He plays several roles, including farmer Homer Zuckerman and an old sheep. And that’s just fine with actor Brian Anthony Wilson, now appearing in the Joseph Robinette adaptation of the beloved novel “Charlotte’s Web,” continuing through Jan.29 at the Arden Theatre.
According to Wilson, whether playing a human or an animal (and sometimes both) is as rewarding as any other role he could get. This production is his seventh appearance at the Arden, and his first at the Arden’s Children’s Theatre.
“But I do believe an actor is an actor, so no matter what character you’re playing, you try to make them as believable as possible,” Wilson said. “I always do some research about the character to give me a clue into his personality. Of course, the script is always the bible we use, but there are also clues as to what the characters say and why they say it. That’s thanks to good writing and the director.”
“Charlotte’s Web” is a heartwarming story of a special friendship between a loveable pig, Wilbur, and everyone’s favorite spider, Charlotte. Additionally, it helps celebrate unexpected friendship while introducing themes of loss and life cycles to children in an honest, open way.
“I think that’s what separates the Arden from other theaters, because we try to be as real and honest as we can,” said Wilson. “And after every performance, children participate in a post-show question and answer session with the cast.”
Wilson, who was born and bred in Philadelphia, explains that he was a “late bloomer,” and didn’t come to acting until he went to Freedom Theatre for some vocal training while he was a member of a local band.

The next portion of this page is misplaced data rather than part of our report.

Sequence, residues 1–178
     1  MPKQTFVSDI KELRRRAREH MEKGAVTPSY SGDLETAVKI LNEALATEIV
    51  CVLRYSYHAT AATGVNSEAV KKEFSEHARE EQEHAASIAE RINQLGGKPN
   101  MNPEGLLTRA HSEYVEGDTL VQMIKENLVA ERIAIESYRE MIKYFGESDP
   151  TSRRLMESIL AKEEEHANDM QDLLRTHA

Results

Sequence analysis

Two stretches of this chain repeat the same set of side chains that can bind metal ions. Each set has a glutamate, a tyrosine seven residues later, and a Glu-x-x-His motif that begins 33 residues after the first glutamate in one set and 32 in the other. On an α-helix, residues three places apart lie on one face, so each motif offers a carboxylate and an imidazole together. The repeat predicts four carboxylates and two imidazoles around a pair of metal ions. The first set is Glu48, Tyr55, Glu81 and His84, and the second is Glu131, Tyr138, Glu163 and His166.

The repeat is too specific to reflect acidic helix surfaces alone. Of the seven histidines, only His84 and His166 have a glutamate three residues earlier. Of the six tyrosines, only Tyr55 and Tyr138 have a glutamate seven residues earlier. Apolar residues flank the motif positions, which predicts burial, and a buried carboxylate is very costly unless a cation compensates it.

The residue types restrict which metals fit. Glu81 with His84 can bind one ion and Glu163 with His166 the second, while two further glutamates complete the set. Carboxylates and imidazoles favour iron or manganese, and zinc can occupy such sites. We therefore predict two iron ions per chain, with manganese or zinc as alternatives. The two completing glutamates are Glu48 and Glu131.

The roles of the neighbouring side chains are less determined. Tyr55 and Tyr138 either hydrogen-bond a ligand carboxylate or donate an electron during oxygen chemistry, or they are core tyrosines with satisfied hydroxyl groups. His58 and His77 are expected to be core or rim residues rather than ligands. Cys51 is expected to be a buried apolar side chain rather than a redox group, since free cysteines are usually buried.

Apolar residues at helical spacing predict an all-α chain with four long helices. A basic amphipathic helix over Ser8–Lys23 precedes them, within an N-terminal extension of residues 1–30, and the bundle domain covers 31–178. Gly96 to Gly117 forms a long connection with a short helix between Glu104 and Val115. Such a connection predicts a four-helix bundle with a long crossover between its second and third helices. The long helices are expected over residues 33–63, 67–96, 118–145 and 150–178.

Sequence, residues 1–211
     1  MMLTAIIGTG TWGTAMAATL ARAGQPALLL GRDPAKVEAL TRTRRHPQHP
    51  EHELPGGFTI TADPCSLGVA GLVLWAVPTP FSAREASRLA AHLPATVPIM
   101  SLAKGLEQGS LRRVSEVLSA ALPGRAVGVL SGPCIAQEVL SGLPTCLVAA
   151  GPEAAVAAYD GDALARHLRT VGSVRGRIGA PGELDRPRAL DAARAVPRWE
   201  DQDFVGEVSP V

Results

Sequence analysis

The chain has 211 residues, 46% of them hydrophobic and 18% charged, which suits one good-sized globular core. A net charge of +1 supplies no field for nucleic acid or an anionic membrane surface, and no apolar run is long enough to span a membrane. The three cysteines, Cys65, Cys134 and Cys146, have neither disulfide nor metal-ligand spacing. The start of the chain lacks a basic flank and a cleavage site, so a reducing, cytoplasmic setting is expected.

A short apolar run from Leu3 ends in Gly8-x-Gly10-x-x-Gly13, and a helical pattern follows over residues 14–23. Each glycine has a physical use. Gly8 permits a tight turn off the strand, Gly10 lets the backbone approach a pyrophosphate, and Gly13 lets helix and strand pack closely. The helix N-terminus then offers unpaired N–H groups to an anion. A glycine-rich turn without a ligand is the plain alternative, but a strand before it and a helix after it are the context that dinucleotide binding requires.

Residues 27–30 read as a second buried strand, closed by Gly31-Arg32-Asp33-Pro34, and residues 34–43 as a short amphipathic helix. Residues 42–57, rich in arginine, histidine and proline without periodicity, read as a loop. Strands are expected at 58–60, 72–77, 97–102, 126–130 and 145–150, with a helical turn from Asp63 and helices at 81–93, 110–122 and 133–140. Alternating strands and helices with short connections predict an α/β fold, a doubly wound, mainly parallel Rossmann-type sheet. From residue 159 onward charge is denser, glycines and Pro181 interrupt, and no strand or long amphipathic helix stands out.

“As part of the vocal training, everyone had to also take a movement and a theater class,” he said. “So I did that, got the acting bug, and the very next semester enrolled in the acting program. I was only in class for two weeks when I got cast in a play and received, what you would probably call, on-the-job training. I took classes for the next four years and was in any number of plays. I was 23 years old.”
Since that time, Wilson has done stage, film and TV. His favorite TV/film roles include appearances in “Law & Order: SVU,“ “The Wire,“ “Hack” and “The Sopranos.“
Local favorites include “Superior Donuts” and “Fences” at the Arden, “The Piano Lesson” at Bushfire, and “King Hedley II” at the Philadelphia Theater Company, admittedly his most favorite of all.
“I’ve also done a soap opera — ‘As The World Turns.’ And I think everything I’ve done has been good experience, and that I’ve been very blessed to be able to do it all,” the actor said. “And while the money is much better in films, if I had to pick just one thing, it would probably be appearing on stage. I love the live feedback you get that could only happen then and there.”
As for other young, budding actors, Wilson advises them to act whenever they can and see everything they can see. “If you want to be a film actor, go see as many good films as you can. And if you want to be a stage actor, go see as many good plays as possible.
“And it’s very important to get training, and to study your craft with as many different teachers as you can. For me, it’s when I didn’t get cast in a role that I tried to understand why. You have to have tough skin in this business. Learn to deal with it and continue on.”
For times and ticket information, call (215) 922-1122.